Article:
In the age of digital media and hyper-targeted ads, many investors think television advertising is on its way out. However, analysts believe that the TV advertising market could rise in the next few years. Credit Suisse media analyst Omar Sheikh points to new technology that will allow advertisers to more narrowly target relevant consumers beyond Nielson data. Read more about it here.
In an effort to appeal to customers through audience optimization, Nielsen has launched an artificial intelligence layer to their marketing cloud. This development will help advertisers target audiences in real-time. “Nielsen AI aggregates device-linked audience data across multiple platforms, including email, social, mobile, and programmatic, while automatically optimizing audience segmentation for more targeted marketing content.”
With the ability to evaluate campaign performance and make adjustments as needed, this technology will help improve overall ROI. “The company’s marketing applications include a data Management Platform (DMP) and tools for campaign attribution, media analysis and real-time engagement metrics.”
To learn more, read the MediaPost article here.
With the start of this new year, Nielsen initiated the agency evaluation period of their long anticipated Total Content Ratings system. This system will consolidate all traditional, digital, and other TV/video viewing under one measurement. However, at the request of their television network clients, Nielsen has altered the way data will be shared during this assessment. “Instead of allowing its media clients to analyze TCR data online as of January 1, it will provide offline reports.” It is important to note that this was not a result of any methodological issues but rather, “client readiness and their need to further evaluate data.”
An important element of Nielsen’s new evaluation process relies on TV networks to implement the new “Software Development Kits” on their digital platforms to make total viewer measurement viable. More reports will be produced as more clients come online: “This will allow media clients to customize the data they wish to share, whether it be to focus on particular platforms, programs, or demographics,” noted Nielsen.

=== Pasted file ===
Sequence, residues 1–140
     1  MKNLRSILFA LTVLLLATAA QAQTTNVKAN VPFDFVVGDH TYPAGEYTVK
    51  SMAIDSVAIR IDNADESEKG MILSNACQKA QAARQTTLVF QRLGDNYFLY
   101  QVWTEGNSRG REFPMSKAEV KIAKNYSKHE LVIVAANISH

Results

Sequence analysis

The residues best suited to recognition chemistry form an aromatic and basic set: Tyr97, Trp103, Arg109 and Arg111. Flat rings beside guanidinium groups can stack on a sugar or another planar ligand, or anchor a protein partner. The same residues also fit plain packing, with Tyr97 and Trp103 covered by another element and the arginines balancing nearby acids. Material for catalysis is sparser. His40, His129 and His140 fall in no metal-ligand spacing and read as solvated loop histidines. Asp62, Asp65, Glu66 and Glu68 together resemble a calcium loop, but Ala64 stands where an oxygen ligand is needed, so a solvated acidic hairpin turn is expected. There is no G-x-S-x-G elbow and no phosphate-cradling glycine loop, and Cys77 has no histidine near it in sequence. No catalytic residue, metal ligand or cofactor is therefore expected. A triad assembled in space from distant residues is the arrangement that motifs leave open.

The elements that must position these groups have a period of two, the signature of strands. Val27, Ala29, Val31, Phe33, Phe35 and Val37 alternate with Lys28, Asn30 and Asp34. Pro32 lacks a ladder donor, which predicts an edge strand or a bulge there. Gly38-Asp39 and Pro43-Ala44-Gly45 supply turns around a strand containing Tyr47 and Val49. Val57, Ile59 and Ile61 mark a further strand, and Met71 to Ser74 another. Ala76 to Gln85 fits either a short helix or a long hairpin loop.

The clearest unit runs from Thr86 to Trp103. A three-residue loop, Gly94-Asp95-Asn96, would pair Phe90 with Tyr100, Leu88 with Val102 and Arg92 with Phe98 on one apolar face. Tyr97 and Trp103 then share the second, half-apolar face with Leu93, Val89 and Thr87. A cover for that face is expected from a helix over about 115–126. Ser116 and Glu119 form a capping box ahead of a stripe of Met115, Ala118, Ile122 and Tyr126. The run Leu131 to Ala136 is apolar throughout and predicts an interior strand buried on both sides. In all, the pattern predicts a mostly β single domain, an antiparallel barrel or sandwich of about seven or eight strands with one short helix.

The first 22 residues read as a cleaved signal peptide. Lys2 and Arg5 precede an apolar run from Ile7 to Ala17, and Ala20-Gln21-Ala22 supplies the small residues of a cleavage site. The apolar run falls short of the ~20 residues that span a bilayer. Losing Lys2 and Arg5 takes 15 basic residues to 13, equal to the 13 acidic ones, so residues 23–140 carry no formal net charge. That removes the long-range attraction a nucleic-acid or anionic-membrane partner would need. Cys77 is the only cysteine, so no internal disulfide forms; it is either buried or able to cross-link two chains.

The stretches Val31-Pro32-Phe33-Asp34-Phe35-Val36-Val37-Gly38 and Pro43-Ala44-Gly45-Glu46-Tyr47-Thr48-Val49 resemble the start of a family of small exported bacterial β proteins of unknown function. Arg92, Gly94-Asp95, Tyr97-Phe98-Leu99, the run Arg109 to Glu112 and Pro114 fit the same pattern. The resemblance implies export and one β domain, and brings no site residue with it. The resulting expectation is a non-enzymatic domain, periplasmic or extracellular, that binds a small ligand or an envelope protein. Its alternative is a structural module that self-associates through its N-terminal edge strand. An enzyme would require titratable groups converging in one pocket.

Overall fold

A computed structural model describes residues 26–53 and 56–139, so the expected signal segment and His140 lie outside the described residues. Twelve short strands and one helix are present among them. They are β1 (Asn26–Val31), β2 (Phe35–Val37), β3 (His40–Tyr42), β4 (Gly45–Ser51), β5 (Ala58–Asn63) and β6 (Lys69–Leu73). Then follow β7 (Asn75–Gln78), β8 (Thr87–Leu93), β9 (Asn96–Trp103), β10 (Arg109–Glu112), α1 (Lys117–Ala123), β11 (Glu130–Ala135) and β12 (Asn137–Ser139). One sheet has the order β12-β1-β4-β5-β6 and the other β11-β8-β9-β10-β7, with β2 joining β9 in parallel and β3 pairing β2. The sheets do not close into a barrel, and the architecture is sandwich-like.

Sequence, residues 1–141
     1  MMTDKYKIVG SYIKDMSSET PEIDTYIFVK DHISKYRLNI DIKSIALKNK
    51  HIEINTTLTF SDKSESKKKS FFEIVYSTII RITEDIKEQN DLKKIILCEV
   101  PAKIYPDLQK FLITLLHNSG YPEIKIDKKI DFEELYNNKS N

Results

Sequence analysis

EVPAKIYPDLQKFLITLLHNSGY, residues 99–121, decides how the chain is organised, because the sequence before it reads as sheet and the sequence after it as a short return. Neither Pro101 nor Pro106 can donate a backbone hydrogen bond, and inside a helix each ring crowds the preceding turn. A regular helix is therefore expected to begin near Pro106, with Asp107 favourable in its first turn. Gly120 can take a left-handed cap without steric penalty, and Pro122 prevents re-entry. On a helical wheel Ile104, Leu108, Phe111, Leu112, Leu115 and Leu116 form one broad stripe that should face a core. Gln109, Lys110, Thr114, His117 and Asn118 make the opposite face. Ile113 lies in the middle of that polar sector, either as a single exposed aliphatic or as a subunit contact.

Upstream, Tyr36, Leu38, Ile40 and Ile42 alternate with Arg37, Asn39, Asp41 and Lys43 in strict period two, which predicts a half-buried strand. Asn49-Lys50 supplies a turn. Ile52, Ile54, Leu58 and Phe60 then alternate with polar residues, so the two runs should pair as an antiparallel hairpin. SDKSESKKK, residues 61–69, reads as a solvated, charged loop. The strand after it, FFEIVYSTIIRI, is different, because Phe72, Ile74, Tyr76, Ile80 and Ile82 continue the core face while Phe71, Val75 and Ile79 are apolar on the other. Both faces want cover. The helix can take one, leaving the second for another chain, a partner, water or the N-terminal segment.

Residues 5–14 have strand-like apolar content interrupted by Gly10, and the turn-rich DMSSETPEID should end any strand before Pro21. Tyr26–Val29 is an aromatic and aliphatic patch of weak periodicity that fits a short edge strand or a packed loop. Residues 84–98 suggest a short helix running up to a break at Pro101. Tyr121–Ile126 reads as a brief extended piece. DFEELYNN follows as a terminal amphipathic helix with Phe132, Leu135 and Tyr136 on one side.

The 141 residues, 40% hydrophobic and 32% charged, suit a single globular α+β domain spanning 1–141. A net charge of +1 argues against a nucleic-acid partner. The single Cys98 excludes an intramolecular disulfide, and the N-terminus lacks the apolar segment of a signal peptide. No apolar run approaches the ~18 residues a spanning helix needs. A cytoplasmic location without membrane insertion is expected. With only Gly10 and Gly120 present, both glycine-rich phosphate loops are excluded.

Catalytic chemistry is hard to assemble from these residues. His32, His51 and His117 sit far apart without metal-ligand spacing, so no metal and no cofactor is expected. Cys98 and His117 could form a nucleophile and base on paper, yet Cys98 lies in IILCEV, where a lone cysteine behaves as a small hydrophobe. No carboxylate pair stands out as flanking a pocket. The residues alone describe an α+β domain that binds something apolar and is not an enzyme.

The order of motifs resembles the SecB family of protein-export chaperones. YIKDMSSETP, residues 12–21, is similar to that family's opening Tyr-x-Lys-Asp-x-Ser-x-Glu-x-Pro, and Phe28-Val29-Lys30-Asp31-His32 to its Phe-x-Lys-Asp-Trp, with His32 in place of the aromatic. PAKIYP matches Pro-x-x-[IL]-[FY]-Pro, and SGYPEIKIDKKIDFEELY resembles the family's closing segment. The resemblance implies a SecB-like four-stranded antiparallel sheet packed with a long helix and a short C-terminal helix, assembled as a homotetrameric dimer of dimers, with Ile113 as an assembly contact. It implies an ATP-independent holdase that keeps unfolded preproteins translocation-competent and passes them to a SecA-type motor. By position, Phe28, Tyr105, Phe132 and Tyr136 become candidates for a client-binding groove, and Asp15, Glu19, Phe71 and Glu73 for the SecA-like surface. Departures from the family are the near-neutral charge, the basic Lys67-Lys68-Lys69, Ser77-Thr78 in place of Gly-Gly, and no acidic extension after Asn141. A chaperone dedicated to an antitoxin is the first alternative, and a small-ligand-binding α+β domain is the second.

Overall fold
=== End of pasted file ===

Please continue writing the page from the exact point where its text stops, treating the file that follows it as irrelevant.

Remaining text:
With plans to have the TCR system ready for use by this year’s upfront advertising market, the “Total Content Ratings is on schedule to syndicate data on March 1st.” To learn more, read the MediaPost article here.
Recent advancements in digital technology have made it possible for viewers to consume their entertainment of choice on a scale like never before. But as the number of screens per person increases, the way people interact with their devices has also changed. As a result, Nielsen Consumer Neuro is working with the Council for Research Excellence to improve the methods in which media consumption gets measured.
The challenge, however, lies in the technological distractions we’ve become accustomed to. According to Carl Marci, chief neuroscientist at Nielsen, “it’s not a black-and-white situation, and in some cases things that might seem like a distraction—including co-viewing and even second screens—can enhance engagement with the way people watch TV.” One study in particular, conducted by the CRE, implemented “a variety of biometric measurement techniques to understand people’s conscious and unconscious interaction with media.”
Although media technology continues to advance exponentially, Nielsen is dedicated to improving their system of measurement and providing accurate results for the advertising industry.
To learn more, read the MediaPost article here.
DRTV Direct Response Television, Television Networks / No Comments
When NBC bid for the right to broadcast the 2012 Summer Olympics, it anticipated a loss of more than $100 million, stemming from a loss of over $233 million from the 2012 Winter Olympic Games in Vancouver. The ratings have skyrocketed, though, giving NBC the possibility of actually breaking even on the games, even with the controversial system of delaying high profile events until prime-time.